A couple of years ago, I wrote about visiting Carrollton, where the scene of this tragic violence, the county courthouse, still stands. I gave a talk about it as a Hutchins Lecture at UNC last year. The reaction in the blogosphere has been very interesting. A couple of comments to that "field trip" post:
"I live in Carrollton and I don't appreciate you coming into our town and digging up racial history and trying to stir up racial tensions."
"I grew up in North Carrollton and I don't recall ever hearing about the incident at the courthouse that I just read about in the 'field trip' story. I must admit that I am intrigued."
And quite recently,
"As a greatX4 grandaughter of the Confederacy, born and raised in the South of the 1950's, brought up with mint juleps and sitting on the veranda... I just want to say thank you. For far too long the truth of the horrid things that happenned has been hidden or twisted so badly that it could hardly be called truth at all.
"I have my own wound that must be healed... the lynching of L.Q. Ivy in Union County, MS. My grandfather was there when it occurred along with a crowd of several hundred and told me the story when I was a child. I was horrified then and am disgusted now at man's inhumanity to his fellow man."
I've had others say they knew, or kind of knew, about terrible violence way back when in the southern towns where they grew up, things that it wasn't polite to talk about. A crucial part of the rhetoric of the Lost Cause was to ensure that those stories didn't see the light of day.
The story of what happened in Wilmington in 1898 is an important example of the revised understanding of this history that is going on today. What used to be called a "race riot" is now, thanks to a study initiated by the North Carolina legislature, understood as a coup--a violent overthrow of legitimate governmental authority by the conservative white establishment. Al Brophy's work on what happened in Tulsa a little later is another example.
There are lots of stories. Nicholas Lehmann's book Redemption: The Last Battle of the Civil War provides a larger context to what happened in Carrollton and across the South. From a recent review of the book,
Nearly one month after resigning as governor of Mississippi, Adelbert Ames told a New York Times reporter in April 1876 that he did not blame the northern public for dismissing reports of fraud and violence in southern elections. "Before I went South," the Maine-born, former Union general explained, " ... I do not think that any amount of human testimony could have induced me to believe in such a condition of society as exists in Mississippi." Ames knew that it was difficult for northerners to believe that heavily armed paramilitary organizations would scatter peaceful political gatherings, that ballot boxes were stolen and burned, that public officials could be gunned down in broad daylight in the center of town, and that battles erupted between white and black militias in response to local elections.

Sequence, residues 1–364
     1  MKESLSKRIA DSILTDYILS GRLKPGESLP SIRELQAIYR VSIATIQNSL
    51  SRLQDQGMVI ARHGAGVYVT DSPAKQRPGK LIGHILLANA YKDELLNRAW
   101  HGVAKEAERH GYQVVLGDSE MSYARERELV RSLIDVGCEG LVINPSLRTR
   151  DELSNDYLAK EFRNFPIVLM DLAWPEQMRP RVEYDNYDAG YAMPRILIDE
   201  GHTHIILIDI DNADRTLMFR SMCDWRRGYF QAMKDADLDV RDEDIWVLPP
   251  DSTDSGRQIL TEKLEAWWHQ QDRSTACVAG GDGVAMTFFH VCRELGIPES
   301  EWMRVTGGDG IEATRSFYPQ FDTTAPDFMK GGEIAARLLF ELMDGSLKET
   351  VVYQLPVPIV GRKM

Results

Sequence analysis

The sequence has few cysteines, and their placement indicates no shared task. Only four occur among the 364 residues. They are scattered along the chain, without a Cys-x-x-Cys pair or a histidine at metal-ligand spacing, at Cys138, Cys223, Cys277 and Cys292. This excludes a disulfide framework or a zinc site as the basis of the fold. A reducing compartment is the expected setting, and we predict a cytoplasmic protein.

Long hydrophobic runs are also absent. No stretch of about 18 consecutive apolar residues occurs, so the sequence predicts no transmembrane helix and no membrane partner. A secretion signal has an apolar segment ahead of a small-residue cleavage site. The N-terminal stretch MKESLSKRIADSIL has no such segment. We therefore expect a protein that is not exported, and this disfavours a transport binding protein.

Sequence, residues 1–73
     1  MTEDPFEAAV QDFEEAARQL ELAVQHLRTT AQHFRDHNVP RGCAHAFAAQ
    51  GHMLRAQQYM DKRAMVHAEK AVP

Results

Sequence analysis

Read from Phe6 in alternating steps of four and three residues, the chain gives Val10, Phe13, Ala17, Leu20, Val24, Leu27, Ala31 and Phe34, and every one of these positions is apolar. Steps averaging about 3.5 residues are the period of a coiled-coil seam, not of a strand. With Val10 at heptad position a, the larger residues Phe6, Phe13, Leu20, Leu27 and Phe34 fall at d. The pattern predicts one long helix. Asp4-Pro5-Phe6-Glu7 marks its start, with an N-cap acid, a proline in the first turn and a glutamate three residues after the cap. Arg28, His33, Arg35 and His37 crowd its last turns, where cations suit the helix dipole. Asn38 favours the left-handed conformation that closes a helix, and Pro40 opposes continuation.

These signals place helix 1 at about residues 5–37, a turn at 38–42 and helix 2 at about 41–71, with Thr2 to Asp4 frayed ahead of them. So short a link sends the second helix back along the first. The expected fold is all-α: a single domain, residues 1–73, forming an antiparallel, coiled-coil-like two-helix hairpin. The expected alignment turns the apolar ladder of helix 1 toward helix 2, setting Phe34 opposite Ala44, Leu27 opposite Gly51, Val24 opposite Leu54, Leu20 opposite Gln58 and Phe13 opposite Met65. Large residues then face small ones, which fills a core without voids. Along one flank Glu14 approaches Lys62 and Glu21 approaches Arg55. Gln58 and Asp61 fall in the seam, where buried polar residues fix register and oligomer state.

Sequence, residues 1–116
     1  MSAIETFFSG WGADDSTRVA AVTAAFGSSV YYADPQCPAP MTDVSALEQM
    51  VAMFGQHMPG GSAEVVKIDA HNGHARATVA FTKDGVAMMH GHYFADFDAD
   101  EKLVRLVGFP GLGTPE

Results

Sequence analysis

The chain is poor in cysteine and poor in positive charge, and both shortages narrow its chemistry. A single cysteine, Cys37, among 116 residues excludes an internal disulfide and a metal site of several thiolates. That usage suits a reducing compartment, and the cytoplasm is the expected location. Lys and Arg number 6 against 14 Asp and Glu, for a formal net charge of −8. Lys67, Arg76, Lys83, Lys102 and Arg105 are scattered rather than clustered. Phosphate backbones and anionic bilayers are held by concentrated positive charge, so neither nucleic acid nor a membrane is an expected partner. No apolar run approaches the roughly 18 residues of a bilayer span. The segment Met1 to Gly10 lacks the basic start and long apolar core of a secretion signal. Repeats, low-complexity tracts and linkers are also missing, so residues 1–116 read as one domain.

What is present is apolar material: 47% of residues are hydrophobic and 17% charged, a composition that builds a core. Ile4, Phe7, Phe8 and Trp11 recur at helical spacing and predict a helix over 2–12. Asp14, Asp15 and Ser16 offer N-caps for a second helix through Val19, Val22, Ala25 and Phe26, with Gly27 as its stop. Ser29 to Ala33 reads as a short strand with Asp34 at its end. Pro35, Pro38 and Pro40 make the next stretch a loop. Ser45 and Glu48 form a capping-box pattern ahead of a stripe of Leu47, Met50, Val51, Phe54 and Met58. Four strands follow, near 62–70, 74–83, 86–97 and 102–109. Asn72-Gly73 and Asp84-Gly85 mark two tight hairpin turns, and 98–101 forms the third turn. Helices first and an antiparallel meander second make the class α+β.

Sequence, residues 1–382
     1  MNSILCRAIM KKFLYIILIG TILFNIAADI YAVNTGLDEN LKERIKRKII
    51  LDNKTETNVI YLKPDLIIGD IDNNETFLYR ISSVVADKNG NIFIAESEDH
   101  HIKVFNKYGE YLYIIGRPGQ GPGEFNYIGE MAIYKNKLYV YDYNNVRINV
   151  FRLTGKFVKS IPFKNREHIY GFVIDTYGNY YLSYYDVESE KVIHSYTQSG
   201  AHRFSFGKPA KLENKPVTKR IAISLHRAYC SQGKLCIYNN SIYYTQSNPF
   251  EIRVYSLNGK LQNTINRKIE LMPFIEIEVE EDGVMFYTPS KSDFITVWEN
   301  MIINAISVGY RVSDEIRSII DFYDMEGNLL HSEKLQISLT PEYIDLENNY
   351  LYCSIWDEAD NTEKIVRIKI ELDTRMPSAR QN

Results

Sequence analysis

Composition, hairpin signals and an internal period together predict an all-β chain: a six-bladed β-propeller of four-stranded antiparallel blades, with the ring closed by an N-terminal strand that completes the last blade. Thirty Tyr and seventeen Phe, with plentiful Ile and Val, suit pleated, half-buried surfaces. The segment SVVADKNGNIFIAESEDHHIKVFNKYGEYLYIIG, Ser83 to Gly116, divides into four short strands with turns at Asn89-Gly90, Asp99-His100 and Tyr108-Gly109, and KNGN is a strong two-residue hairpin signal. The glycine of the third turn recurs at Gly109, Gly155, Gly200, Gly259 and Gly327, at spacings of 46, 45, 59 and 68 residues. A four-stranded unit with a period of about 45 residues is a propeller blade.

The electoral violence of the mid-1870s remains perplexing. Although historians have documented the violent counterrevolution that undermined Reconstruction, the general public knows little of these events and seems skeptical that white terrorists could have so brazenly subverted democratic governance in the United States. Nicholas Lemann's intention in Redemption: The Last Battle of the Civil War is to bring this forgotten story to a wider audience and explain why southern democracy and civil rights were snuffed out.
Stephen Cresswell's Rednecks, Redeemers, and Race: Mississippi After Reconstruction, 1877-1917 also contributes to this new understanding specifically as to Mississippi.
And so, history and memory continue to tussle each other about. Writes Ira Berlin in a recent essay,
Slavery lives--and will continue to live--in both history and memory. But the time has come to put the two together, to join history and memory, to embrace slavery's complex history, to accept the force of slavery's memory, and thereby elevate both. For only by testing memory against history can a sense of a collective past be sustained. Perhaps by incorporating slavery's memory into slavery's history--and vice versa--Americans, white and black, can have a past that is both memorable and--at last--past.
"American Slavery in History and Memory," in Slavery, Resistance, Freedom, ed. Gabor Boritt and Scott Hancock (Oxford 2006).
UPDATE 12/03: More on the lynching of L.Q. Ivy mentioned above. Warning: not for the faint.